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Scott Steepleton, Editor
9:46 am PDT September 4, 2020

Did you get it? The emergency text alert and voicemail test message the city of Malibu sent out on Sept. 3?

The new Malibu Disaster Notification System is intended to provide cellphones in the 90265 and others who opt in voice and text alerts in the event of an earthquake, wildfire, terror attack or other serious calamity.

That’s nearly 12,000 numbers.

The message came through to my phone and email as planned. 

The test is part of the city's National Disaster Preparedness Month activities. If you didn’t get the message, sign up for email notifications hereYou can also call City Hall at 310-456-2489 ext. 368 or email

Every time I drive through a “Woolsey neighborhood” I can’t help but tear up for those who lost it all to that devastating blaze in November 2018.

As of this writing, just seven of the nearly 500 owners in Malibu whose dwellings were destroyed have received final occupancy permits. Others are rebuilding.

But there are still many empty lots, and some with just the chimney standing, or a pile of brick that used to be a chimney.

My family was displaced from our home for months because of the Thomas Fire, which predates Woolsey by a year. Our losses were nowhere near that of those whose homes were destroyed; rather, we suffered top to bottom interior damage related to smoke and soot blowing in at 80 mph.

We lost carpeting, clothing, our mattresses, the clothes dryer. (At the urging of our insurance carrier, a special cleaning crew came in, took it apart, cleaned it inside and out, put it back together and still it smelled like a fresh fire the moment the cleaners turned it on.)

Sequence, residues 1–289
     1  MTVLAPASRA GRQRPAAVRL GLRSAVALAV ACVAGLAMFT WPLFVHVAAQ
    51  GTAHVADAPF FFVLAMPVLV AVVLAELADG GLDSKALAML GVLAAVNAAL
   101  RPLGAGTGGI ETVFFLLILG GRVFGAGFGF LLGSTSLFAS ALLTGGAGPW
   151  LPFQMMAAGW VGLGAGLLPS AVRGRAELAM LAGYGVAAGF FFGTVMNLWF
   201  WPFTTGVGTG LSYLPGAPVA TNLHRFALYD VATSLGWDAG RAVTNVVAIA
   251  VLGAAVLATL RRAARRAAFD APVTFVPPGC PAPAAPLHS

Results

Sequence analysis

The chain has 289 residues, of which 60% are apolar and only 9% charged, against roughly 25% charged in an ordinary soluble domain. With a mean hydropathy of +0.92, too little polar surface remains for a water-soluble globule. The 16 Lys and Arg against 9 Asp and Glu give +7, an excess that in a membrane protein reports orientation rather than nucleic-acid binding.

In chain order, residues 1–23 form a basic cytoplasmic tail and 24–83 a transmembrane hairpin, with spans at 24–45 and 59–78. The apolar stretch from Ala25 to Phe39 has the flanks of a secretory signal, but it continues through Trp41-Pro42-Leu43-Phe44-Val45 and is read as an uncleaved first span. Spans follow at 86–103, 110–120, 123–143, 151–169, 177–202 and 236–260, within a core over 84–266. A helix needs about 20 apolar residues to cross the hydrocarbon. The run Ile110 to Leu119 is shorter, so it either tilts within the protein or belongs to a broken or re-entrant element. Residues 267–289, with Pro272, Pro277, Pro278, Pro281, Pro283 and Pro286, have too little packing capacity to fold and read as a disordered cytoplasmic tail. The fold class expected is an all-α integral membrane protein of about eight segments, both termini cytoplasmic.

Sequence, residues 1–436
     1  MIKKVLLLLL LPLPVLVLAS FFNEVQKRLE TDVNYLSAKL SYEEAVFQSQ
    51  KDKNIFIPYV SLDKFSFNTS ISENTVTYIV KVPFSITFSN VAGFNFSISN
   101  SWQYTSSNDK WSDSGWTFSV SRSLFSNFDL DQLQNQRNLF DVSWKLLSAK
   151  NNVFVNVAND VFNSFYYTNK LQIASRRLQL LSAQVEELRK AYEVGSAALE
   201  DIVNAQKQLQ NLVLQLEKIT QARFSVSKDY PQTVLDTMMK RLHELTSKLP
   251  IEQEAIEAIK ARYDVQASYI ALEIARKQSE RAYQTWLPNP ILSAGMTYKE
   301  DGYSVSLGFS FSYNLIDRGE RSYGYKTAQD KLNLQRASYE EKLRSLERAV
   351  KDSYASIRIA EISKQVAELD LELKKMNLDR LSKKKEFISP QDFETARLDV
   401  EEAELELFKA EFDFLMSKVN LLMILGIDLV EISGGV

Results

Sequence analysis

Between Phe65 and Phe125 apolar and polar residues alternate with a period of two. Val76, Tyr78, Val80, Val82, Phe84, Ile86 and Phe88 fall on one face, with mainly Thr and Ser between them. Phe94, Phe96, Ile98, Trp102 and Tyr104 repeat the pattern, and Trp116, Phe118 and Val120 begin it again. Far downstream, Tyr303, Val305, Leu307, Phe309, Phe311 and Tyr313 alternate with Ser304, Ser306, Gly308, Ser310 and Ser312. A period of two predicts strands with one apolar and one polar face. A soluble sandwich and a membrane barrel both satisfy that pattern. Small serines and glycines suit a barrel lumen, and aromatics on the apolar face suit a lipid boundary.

The attic also had to be cleaned, and the insulation removed and replaced because of soot intrusion.

In times like these, after fighting with the insurance company and vendors who have to do their jobs sometimes three times before they get it right, you say, “Next time, I’m going to…” Then you realize, “Wait. I don’t want there to be a ‘next time.’”

I don’t want there to be another wildfire.

I don’t want to drag my family from hotel to hotel, birds in tow, waiting to go back home.

I don’t want to fight again with another insurance adjuster.

Then you realize this is Southern California, and what you want is not necessarily what you get.

A text alert may not save your home, but it is another important piece of your preparedness toolkit.


Scott Steepleton is editor of the Malibu Surfside News. Email him at